Our friend and regular customer Christian Lohse - one of the most interesting chefs in Germany, currently chef de cuisine at Fischers Fritz - has published a wonderful cookbook with Umschau Verlag, which bears the absolutely appropriate title "Lohses Mundwerk" . It contains recipes for soups and stews that the master chef came up with himself or that he knows from friends. In the middle of this illustrious collection he smuggled a recipe for sardines in olive paste - "not a soup but also awesome". Which brings us back to the mouth of the mouth.
Basically, it doesn't matter to us whether one or the other reader of the cookbook feels on page 185 as if he had won the "spot the mistake" game. Rather, we are very pleased that Monsieur Lohse seems to love the "sardines à la tapenade" from La Belle-Iloise as much as we do.
And while the fine gentleman is currently romping about in Antarctica and probably trying to make friends with some penguins, we practice the art of imitation and bring you this little culinary outlier as our current recipe of the week.
Ingredients for 2 - 4 people:
- 1 young bulb of fennel
- 1 bunch of slippers (spring onions)
- 2 small tomatoes on the vine or confit tomatoes (we have them in the refrigerated display case)
- 2 basil leaves (or more if you like)
- 1 can of sardines in tapenade
- 1 tbsp balsamic vinegar
- oil for frying
Clean the fennel bulb and blanch in lightly salted water until al dente, then cut the green tips into approx. 2 cm pieces. Use the whites for other uses (I made a quick and easy salad of finely chopped fennel, fresh cherry tomatoes and basil tonight in a tangy olive oil, lemon, fleur de sel and pepper dressing). Blanch the scallops briefly, cut in half lengthways and fry in a pan until they turn dark on the edges. Fry the tomatoes too. If you use our confit tomatoes: just put them in the pan as they are and fry until they are nice and crispy. If you use fresh tomatoes: cut them in half, season with salt and pepper and sauté in a little oil until they fall apart. Roughly chop the basil leaves and add to the tomatoes.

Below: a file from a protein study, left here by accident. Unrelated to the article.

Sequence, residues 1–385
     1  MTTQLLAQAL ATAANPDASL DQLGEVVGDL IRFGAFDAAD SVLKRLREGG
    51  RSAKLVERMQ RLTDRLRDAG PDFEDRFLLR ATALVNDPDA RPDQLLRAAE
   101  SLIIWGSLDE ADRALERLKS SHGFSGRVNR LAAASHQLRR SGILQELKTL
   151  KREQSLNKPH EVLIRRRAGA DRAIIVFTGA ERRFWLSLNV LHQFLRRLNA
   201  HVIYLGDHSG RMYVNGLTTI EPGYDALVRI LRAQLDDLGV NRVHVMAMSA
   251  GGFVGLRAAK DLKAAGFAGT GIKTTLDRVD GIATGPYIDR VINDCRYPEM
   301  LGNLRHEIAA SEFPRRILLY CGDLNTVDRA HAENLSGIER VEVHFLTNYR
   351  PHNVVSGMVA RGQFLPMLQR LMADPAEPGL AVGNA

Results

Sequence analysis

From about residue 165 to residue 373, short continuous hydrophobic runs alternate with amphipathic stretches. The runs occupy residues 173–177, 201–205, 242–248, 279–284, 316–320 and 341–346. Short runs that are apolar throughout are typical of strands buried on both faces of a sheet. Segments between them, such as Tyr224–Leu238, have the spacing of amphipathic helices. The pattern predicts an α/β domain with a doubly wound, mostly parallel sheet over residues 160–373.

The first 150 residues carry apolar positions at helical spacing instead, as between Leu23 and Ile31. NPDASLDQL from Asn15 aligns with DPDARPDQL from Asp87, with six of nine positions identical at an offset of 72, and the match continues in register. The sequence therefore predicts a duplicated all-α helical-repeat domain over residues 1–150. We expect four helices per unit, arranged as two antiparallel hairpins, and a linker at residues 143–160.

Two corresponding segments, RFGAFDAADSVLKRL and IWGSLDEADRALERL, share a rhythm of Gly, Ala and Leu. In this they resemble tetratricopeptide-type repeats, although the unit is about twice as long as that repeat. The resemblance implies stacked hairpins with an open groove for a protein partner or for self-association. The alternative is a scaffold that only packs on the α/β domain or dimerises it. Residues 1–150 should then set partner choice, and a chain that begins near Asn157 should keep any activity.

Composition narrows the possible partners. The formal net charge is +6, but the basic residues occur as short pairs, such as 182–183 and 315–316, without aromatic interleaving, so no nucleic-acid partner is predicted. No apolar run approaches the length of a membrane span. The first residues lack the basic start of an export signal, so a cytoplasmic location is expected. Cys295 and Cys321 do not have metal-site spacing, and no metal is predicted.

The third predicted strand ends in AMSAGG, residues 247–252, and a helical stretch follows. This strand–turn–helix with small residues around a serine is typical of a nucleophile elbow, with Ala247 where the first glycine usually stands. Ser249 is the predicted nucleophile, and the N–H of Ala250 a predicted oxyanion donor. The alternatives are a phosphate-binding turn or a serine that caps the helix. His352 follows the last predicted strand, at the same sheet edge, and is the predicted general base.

Arrange the sardines on one (or more) plates, spread all the prepared ingredients on top, drizzle with balsamic vinegar and season with Piment d'Espelette.
The conclusion: this "recipe", which is actually more of a kind of serving suggestion for advanced users, is a single taste explosion! Mediterranean and sun-kissed, "gourmand" through and through, as one would say in France. Every bite makes you want more, the aromatic sardine is wonderfully caught by a colorful canon of tart-fruity olive paste, sweet tomatoes with spicy basil, dark-sweet balsamic vinegar, the nice and spicy Piment d'Espelette and the fresh, crunchy vegetables. You don't really need bread for this. A glass of wine should not be missing (see below)!
Our wine recommendation: The Tears of Anima 2016 from Herdade do Portocarro goes perfectly with this unspeakably aromatic dish. It has just the right level of power and character to bring out all of the sardine's flavors and bring them out even more, without overpowering them.
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The beautiful wooden board is unique and was made by hand from American walnut. It was made by Arnd Seibert from Ovaso .